We Outlast Empire is a recurring series which aims to highlight poetry that explores the many angles of our current global and political situation. With words, we hope, we may transmute a part of ourselves—a part however small or large—that can exist without drawn borders, without violence, without injustice.


Revisionist History

The weather in Seoul in October is bright and balmy.
All the hospital beds are full, and women with thick arms
and bent knees, feet in the stirrups, scream in an echoing

symphony. A woman with small ankles can’t see
beyond her bloated stomach. She keeps her eyes shut
as forceps dig, doctors’ hands twisting between her legs

like a corkscrew pulling out the plug.
It’s been a busy morning, and between heaving breaths
she wonders how much longer? First the head,

then the shriveled body, bright as a small sun.
For the first time in her life she sighs and means it.
That’s how it happens in my fantasy, the movie I watch

on repeat, re-imagined myth of my birth. No. I emerged
from seafoam flapping my tailfins in the Pacific froth.
I washed ashore encased in a mermaid purse, crawled on all fours

and learned the power of breath. No. I was stardust,
an accumulation of space matter falling to earth in tiny pieces.
I’m still gathering my limbs. They’re scattered all over the planet.

None of that is true. I was born in the airport, propelled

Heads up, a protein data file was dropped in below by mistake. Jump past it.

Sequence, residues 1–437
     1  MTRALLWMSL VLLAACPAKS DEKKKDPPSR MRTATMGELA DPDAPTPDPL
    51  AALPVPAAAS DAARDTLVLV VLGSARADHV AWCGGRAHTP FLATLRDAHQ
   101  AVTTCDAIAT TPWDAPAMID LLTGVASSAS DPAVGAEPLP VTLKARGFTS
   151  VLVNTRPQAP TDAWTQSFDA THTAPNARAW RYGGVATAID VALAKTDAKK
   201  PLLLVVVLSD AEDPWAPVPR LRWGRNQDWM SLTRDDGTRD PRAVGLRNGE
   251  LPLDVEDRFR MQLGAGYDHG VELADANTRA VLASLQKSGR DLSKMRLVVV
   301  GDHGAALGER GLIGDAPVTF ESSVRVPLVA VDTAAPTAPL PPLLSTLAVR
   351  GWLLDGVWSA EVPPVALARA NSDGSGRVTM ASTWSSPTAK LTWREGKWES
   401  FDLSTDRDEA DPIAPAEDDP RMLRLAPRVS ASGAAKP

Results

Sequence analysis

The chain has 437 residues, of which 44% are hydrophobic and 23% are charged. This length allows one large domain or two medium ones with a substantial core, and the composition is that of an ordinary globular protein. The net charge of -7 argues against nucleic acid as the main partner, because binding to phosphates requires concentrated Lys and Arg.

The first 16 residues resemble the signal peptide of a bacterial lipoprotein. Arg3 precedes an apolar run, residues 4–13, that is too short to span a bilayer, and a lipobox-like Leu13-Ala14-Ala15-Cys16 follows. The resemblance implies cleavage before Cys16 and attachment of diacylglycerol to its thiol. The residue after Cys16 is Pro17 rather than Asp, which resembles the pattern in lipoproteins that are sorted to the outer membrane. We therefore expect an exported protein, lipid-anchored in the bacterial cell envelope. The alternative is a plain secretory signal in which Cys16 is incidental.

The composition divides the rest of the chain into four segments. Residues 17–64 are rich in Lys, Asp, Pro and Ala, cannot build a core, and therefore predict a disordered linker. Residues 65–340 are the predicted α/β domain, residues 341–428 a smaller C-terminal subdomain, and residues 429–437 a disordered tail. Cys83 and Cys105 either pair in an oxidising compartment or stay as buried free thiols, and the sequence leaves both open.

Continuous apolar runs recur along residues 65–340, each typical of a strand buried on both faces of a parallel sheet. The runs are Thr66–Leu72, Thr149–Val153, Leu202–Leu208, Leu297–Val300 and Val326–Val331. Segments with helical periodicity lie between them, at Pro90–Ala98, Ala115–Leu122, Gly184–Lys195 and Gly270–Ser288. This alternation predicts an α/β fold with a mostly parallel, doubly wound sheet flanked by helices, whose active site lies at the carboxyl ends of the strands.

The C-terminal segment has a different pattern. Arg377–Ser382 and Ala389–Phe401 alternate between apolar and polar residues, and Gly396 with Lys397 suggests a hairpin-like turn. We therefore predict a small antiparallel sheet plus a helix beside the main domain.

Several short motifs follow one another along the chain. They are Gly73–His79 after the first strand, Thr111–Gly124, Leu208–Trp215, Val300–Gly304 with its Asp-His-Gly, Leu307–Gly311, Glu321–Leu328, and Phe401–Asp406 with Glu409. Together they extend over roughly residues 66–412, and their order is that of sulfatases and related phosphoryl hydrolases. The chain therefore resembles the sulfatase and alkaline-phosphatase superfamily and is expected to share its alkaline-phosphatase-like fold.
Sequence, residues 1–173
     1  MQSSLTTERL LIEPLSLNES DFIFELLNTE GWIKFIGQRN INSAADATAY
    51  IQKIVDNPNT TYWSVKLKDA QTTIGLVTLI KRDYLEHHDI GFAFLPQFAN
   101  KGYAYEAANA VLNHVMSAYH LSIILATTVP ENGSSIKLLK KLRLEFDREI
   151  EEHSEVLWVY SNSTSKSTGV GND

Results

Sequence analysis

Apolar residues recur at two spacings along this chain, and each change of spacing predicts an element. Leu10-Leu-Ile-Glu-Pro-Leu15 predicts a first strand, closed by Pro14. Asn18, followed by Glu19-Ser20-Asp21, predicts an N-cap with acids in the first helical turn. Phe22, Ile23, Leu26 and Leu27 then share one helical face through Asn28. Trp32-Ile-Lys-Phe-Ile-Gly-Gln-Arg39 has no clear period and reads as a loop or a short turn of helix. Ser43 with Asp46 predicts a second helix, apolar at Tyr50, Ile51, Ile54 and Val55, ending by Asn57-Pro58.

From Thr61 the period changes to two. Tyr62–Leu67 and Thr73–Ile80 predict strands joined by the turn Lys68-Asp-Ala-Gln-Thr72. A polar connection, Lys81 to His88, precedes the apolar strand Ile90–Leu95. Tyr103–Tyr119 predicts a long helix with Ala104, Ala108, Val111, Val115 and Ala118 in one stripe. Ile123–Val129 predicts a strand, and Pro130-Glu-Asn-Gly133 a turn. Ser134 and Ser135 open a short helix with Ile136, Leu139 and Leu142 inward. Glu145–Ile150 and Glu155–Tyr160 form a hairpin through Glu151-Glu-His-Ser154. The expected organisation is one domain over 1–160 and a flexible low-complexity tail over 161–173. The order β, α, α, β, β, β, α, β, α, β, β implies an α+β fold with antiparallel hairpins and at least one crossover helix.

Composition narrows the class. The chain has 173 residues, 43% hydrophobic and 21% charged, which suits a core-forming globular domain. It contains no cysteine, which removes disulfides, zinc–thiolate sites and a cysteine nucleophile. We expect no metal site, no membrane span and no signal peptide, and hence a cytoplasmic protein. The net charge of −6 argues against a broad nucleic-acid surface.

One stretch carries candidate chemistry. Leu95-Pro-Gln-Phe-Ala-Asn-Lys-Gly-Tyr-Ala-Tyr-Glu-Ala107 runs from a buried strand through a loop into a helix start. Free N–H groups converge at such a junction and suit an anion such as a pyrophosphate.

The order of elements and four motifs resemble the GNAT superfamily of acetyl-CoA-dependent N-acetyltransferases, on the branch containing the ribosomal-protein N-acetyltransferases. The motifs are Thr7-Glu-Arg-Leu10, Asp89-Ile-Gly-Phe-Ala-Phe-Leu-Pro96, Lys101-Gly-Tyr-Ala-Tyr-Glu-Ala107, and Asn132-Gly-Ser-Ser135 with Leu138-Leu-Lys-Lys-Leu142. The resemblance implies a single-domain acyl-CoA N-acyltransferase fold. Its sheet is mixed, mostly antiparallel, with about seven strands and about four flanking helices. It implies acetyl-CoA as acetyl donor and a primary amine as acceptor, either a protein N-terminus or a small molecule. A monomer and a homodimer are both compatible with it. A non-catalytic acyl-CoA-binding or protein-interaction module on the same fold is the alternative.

through the gaping mouth of sliding glass doors.
My father’s second cousin ferried me down the stairs,

my mouth bubbling with Korean consonants, eyes still wary
of sight. In the video recording of my arrival, the airport light
burns everything so yellow it’s purple. My grandfather’s cheeks

behind his glasses glow like round speckled eggs. I’ve watched
the video so many times it’s etched like a scar. I can feel
my mother’s yellow tears fall purple on my cheek. My father

tucks his upper lip inside his tongue. Years later I will learn
why he does this: searching for words when the mouth is lacking,
soft tears cradled in the pockets of his open eyes. What’s

the difference between memory told and memory burned?
I was born in the womb of a stranger, my face a reflection
of somebody else’s shadow. If I told you that I missed you,

would you believe me? Would I?


The voices in We Outlast Empire refuse complicity and draw their own borders. If you would like your poem to be apart of this series, please email mina@apogeejournal.org

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